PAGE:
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Dad Builds Son An Exoskeleton Robot To Help Him Walk Freely For The First Time

by : Daniel Richardson on : 28 Jul 2021 17:01
Dad Builds Son An Exoskeleton Robot To Help Him Walk Freely For The First TimeWandercraft/YouTube

A father in France has founded a company that has built an exoskeleton to allow his son to walk.

In 2012, Jean-Louis Constanza was part of a team that launched the company Wandercraft. The company had a clear goal in mind, and intended to create exoskeletons that allow ‘paraplegics to walk almost normally’. This purpose was realised as two of the three founders of the company had loved ones who used wheelchairs.

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Jean-Louis’ son Oscar Constanza has a genetic neurological condition that means his nerves do not send enough signals to his legs. However, with an exoskeleton developed by Wandercraft, Oscar is now experiencing what it’s like to walk.

Speaking about the impact of the exoskeleton his father’s company developed, Oscar said, ‘Before, I needed someone to help me walk… this makes me feel independent.’

This will ultimately be seen as a success for the company, as Jean-Louis was initially inspired by his son.

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The business founder told the New York Post:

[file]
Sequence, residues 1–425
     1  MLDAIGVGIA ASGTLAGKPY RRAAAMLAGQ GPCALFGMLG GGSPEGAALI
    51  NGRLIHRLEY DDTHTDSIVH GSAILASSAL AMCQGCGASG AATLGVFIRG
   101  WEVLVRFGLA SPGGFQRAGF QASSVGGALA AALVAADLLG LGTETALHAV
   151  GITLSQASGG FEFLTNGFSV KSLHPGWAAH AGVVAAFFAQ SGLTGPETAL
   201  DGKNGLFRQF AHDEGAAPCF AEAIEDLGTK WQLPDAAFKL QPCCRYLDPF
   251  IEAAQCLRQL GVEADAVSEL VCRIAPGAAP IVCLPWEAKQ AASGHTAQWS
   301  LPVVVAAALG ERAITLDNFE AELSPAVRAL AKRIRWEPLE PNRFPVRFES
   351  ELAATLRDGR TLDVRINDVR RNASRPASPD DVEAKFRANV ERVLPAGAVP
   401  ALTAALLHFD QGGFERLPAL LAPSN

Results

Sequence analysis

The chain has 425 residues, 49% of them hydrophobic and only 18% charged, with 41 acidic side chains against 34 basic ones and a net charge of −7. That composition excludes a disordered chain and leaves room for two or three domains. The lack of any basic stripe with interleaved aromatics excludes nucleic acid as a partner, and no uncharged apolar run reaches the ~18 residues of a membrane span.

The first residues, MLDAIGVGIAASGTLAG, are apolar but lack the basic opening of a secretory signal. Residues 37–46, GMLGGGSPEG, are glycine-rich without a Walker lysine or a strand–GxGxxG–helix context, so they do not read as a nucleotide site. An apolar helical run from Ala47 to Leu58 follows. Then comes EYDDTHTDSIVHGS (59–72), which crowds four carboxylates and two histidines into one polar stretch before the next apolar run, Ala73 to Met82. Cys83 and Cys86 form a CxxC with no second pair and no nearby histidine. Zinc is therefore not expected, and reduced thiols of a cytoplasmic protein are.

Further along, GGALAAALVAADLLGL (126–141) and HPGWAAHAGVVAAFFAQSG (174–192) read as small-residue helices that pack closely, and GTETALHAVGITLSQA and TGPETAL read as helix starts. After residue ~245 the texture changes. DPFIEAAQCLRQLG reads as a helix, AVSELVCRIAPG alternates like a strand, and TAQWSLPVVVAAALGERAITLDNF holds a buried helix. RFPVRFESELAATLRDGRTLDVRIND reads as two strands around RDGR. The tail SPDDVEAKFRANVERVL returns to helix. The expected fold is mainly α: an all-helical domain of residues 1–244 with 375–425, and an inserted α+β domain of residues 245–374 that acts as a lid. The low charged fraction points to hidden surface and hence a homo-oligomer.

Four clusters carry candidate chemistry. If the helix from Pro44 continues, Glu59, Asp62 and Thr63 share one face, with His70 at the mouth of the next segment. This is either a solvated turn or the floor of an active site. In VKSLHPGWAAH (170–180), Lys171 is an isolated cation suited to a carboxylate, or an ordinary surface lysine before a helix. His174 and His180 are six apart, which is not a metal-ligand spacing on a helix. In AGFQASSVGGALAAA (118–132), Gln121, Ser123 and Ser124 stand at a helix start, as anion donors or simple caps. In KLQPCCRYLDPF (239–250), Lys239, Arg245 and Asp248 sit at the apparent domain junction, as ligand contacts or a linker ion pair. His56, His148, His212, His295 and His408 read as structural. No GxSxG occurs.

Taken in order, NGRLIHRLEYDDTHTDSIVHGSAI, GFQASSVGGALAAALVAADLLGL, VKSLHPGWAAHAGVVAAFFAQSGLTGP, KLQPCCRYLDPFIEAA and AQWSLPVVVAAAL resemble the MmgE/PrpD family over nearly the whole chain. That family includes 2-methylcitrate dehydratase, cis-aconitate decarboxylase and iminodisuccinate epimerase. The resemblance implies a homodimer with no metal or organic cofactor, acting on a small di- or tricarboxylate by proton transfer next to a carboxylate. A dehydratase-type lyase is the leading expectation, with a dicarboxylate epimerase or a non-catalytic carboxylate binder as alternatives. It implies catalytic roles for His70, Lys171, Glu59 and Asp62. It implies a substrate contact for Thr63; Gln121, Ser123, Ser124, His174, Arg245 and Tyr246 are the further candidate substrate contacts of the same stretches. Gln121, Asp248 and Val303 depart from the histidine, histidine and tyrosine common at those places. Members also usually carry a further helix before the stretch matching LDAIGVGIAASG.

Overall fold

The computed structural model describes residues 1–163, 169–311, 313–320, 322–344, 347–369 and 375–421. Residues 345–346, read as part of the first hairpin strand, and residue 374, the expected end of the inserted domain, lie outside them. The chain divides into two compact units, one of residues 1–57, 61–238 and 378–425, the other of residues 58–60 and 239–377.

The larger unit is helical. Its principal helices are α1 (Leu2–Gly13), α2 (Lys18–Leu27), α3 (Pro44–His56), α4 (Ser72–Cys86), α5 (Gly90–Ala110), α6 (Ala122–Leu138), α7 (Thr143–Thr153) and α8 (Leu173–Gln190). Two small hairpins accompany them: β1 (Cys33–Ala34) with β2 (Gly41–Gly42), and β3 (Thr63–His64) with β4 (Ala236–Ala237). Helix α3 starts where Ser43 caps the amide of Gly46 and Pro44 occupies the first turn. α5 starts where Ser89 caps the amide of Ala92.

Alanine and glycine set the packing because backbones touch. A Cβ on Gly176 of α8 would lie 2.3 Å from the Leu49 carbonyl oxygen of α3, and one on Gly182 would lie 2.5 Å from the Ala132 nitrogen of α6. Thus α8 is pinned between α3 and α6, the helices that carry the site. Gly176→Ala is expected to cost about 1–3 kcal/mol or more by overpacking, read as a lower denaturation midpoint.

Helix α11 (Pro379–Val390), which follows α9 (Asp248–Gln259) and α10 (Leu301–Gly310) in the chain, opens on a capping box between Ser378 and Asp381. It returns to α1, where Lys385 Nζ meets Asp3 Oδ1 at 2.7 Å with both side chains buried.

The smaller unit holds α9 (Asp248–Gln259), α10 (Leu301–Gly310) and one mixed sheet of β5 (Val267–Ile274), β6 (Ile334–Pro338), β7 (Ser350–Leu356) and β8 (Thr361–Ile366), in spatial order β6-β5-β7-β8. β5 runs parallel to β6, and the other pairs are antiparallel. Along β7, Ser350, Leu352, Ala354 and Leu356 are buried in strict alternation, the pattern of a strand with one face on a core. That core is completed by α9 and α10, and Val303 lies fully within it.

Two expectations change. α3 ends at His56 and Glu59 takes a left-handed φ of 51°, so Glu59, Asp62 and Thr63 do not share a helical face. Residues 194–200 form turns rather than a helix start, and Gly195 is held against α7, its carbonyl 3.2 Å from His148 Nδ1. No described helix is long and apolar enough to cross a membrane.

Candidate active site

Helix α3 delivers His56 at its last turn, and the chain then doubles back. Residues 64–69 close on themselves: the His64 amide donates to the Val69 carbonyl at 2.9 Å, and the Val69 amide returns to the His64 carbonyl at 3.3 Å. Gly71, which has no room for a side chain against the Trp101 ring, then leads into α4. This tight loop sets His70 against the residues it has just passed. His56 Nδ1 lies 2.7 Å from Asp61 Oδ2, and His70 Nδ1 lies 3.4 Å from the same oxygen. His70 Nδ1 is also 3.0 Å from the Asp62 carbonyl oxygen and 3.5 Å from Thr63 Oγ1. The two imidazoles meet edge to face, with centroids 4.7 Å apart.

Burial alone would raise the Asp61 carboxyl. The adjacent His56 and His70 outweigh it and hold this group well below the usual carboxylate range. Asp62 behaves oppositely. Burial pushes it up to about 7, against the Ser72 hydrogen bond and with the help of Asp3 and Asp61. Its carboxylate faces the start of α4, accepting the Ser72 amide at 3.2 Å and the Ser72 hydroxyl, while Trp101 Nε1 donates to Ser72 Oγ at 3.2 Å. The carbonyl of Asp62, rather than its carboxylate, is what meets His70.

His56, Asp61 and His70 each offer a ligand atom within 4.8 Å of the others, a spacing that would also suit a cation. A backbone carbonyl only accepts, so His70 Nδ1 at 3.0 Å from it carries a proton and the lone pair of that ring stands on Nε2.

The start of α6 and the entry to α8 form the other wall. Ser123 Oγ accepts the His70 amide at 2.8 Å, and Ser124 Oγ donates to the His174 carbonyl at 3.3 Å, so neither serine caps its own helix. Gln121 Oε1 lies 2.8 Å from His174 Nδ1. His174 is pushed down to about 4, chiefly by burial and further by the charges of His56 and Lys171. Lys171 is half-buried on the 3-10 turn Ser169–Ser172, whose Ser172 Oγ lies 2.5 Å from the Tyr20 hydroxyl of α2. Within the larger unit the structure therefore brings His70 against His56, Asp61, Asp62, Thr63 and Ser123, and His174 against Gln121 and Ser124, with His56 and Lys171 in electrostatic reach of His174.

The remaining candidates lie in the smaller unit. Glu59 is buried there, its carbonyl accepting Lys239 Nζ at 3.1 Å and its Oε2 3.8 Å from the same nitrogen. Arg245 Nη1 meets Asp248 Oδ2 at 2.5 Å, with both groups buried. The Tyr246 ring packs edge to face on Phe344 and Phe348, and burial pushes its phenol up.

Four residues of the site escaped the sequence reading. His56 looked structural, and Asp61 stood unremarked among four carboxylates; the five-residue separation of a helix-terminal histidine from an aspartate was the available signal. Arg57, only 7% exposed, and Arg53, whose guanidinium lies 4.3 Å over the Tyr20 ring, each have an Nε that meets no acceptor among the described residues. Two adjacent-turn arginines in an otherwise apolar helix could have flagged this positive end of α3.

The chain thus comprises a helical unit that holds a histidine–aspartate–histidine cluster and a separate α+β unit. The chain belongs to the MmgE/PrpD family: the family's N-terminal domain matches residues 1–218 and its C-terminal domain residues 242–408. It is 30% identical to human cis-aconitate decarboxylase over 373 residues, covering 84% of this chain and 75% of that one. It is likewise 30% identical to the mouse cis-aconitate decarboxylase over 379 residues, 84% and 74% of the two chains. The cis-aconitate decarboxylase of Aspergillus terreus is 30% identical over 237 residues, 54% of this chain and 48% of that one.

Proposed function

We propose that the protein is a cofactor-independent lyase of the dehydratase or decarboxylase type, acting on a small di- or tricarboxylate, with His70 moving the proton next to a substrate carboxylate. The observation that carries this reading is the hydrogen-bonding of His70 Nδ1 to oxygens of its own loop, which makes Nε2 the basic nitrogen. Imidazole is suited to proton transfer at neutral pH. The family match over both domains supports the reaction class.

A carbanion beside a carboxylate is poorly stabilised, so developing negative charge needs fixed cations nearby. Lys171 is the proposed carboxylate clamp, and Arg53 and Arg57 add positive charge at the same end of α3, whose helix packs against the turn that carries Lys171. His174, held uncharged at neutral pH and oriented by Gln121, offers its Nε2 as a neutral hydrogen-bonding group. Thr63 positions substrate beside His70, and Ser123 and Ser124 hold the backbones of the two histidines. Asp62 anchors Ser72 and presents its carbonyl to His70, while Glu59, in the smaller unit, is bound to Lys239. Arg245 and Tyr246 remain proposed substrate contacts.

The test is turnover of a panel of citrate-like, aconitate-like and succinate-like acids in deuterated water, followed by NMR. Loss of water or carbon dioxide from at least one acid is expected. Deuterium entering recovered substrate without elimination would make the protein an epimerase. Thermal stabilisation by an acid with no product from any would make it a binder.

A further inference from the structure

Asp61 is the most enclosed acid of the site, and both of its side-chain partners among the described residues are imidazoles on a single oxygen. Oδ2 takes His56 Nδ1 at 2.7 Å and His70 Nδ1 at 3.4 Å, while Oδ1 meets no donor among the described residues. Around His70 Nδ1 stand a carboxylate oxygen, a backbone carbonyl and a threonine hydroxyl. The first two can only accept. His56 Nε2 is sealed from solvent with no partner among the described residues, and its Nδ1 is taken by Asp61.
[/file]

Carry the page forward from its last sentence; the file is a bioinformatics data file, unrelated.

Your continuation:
One day Oscar said to me: ‘dad, you’re a robotic engineer, why don’t you make a robot that would allow us to walk?’

Now that his son has successfully used the exoskeleton, Jean-Louis has high hopes for the future. The businessman has claimed that ‘Ten years from now, there will be no, or far fewer, wheelchairs’ because of exoskeleton technology’.

The technology developed by the company has been sold to hospitals around the world and each unit costs $176,000 USD. Currently, the tech is only being used within hospitals, although there are hopes that exoskeletons can be used by more people for personal use in the future.

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exoskeleton (Wandercraft)Wandercraft

Kevin Piette, who lost the ability to walk after a cycling accident 10 years ago, has also tried out the technology. Speaking about its importance, Piette said, ‘I am convinced that there are plenty of people who would like to be able to gain back this autonomy or at least the advantages of being upright.’

Piette noted that being upright has positives for the body, as well as emotionally and socially. He went on to note that there are ‘plenty of benefits to having it in the home, and in the future having it outside’.

Many companies are creating similar technology, for a variety of reasons. While many wish to help people who have difficulty walking, others are designed to help factory workers who spend long periods standing.

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Daniel Richardson

After graduating from university, Dan went on to work with a variety of tech startups and media outlets. These included the likes of The Hook, WhatCulture and Game Rant. Eventually, Dan found a home for his journalism at UNILAD.

Topics: Technology, no-article-matching, Now, Tech

Credits

New York Post
  1. New York Post

    Dad builds exoskeleton to help wheelchair-bound son walk